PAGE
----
3 December 1884 – 28 February 1963
Out first President may be truly described as one of the finest representatives of modern India, a product of Western culture with an outlook on life essentially Indian. His life reflects a combination of cultures and varied experiences through which he passed his life.
Rajandra Prasad was born in a Bihar village in Chapra on December 3, 1884, the son of a landlord. His first school was the Chapra District School, where the Headmaster, Khirode Chandra Ray Chaudhury, recognized his remarkable gifts. He passed the Entrance examination from the Patna District School, standing first in the Calcutta University, whose jurisdiction in those days extended from Bengal 'undivided) and Bihar to Burma including Assam, Orissa etc.
He now came to Calcutta and joined the Presidency College where he studied Science. He took his degree in Law and joined the bar of the Calcutta High Court. When Patna High Court was established (1917), he shifted his practice to that Court.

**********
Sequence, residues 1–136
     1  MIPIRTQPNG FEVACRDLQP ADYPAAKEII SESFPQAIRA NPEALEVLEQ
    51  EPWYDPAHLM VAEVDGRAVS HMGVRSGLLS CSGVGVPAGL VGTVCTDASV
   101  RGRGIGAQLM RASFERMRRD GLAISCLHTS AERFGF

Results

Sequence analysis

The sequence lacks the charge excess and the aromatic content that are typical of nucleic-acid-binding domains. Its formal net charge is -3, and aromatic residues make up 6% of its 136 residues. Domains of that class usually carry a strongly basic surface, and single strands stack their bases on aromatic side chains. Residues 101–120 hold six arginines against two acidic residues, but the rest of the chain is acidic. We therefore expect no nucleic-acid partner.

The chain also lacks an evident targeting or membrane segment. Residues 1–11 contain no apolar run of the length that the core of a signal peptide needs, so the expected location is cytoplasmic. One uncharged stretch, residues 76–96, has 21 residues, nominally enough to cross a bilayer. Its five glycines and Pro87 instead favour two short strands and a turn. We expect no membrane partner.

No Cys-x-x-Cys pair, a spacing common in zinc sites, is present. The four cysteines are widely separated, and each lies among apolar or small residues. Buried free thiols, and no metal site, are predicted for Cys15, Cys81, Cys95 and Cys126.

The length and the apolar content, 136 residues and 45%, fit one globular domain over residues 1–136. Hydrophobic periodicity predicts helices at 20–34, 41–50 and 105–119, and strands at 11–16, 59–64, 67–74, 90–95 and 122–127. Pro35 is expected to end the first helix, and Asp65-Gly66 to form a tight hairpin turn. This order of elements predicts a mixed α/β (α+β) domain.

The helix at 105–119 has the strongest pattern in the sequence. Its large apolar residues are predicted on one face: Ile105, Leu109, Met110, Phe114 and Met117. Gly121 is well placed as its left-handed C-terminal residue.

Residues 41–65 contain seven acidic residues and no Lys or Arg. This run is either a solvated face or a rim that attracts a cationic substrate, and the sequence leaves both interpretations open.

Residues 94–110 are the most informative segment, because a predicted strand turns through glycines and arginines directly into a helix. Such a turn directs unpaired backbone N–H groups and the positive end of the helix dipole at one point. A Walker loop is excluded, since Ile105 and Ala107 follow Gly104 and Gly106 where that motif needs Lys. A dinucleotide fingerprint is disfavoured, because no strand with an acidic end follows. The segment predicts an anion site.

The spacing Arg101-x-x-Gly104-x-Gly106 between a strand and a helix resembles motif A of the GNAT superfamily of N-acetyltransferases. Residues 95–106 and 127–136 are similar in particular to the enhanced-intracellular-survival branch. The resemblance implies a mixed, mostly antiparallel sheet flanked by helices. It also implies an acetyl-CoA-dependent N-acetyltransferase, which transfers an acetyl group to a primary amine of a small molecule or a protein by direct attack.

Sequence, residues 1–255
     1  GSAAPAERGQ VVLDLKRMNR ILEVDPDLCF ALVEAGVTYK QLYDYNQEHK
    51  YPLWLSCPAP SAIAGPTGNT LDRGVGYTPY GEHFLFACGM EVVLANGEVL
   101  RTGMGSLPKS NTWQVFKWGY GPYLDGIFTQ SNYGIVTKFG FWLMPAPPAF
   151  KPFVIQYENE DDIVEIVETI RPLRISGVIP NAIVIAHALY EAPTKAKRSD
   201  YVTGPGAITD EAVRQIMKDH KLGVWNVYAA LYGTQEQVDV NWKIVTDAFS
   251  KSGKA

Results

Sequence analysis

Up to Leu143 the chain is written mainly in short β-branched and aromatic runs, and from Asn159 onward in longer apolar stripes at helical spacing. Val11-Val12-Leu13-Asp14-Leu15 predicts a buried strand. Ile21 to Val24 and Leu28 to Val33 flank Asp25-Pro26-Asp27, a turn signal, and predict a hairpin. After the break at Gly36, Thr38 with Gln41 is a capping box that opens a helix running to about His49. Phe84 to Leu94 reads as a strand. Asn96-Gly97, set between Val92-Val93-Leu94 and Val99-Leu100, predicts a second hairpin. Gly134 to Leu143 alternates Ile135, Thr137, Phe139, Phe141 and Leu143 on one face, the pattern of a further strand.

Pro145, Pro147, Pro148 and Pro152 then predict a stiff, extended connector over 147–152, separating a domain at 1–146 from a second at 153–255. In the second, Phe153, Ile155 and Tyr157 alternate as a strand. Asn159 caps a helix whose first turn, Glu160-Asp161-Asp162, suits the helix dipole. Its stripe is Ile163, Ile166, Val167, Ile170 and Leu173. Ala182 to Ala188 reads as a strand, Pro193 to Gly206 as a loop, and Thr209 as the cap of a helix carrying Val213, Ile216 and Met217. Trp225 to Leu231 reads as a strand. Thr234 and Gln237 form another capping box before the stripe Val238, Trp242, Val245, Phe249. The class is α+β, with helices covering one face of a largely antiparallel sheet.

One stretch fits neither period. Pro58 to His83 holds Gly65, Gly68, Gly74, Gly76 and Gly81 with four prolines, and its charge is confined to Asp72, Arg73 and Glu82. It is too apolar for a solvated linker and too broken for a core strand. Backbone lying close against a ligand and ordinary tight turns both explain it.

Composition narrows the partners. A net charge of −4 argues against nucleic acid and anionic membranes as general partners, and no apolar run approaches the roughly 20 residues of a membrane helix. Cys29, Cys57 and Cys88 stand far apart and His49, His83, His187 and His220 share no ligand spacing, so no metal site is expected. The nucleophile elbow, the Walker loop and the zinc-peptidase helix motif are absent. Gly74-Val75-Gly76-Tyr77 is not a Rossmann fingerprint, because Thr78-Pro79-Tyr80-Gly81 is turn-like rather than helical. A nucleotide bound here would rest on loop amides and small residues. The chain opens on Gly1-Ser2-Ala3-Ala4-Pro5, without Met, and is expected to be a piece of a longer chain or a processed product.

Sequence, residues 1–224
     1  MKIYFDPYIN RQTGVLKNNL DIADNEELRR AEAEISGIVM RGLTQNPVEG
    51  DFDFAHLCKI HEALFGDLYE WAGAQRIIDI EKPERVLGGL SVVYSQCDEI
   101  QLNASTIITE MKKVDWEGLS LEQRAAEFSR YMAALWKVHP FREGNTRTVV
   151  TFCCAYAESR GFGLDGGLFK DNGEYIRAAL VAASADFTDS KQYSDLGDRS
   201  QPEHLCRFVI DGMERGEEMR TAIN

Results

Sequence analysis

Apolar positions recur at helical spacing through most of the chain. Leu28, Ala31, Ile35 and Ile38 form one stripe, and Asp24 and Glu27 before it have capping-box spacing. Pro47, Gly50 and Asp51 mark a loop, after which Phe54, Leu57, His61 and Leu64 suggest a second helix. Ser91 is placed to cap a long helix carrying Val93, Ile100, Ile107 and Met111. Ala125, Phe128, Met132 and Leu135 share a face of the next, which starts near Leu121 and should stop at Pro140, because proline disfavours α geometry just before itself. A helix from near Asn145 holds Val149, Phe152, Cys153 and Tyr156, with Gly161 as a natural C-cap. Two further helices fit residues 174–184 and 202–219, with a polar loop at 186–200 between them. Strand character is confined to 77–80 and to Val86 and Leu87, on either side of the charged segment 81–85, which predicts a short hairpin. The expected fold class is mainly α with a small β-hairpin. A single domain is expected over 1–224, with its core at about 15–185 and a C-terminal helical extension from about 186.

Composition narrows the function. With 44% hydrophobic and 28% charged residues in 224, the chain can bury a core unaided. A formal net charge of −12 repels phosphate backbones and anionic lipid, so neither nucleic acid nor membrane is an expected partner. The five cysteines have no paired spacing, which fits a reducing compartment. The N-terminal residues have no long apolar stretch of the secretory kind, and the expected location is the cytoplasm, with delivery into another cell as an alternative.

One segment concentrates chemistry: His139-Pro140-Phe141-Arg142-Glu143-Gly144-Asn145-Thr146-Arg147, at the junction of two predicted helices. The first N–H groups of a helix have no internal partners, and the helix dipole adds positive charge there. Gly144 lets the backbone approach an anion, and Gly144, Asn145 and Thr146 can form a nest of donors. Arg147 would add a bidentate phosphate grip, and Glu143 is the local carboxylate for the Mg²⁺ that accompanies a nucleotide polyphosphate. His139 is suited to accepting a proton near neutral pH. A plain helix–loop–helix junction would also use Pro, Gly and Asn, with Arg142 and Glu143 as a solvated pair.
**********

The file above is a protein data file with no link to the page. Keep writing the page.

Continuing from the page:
Meanwhile, from his student-day in Calcutta, he came under the influence of Satis Mukherjee's 'Dawn Society'. He also acted as a volunteer at the Calcutta session of the Congress in 1906 and heard the speeches of the leaders of the time, Surendranath Banerjee, Gokhale and others. In 1917, his fateful meeting with Gandhiji took place over the Champaran agrarian troubles. So deep was the Mahatma's influence over Rajendra Prasad, that he joined the Congress, after the Satyagraha movement. He became President of the Bihar Congress unit in 1920. Soon then he became the General Secretary of the Congress. He joined the Civil Disobedience Movement and suffered arrest and imprisonment in 1930. He did a youngman's job in organising relief in the areas divested by the Bihar Earthquake of 1934. Rajendra Prasad's dignity, sincerity, devotion had by now so impressed his older colleagues that in 1934 he was elected President of the National Congress at its Mumbai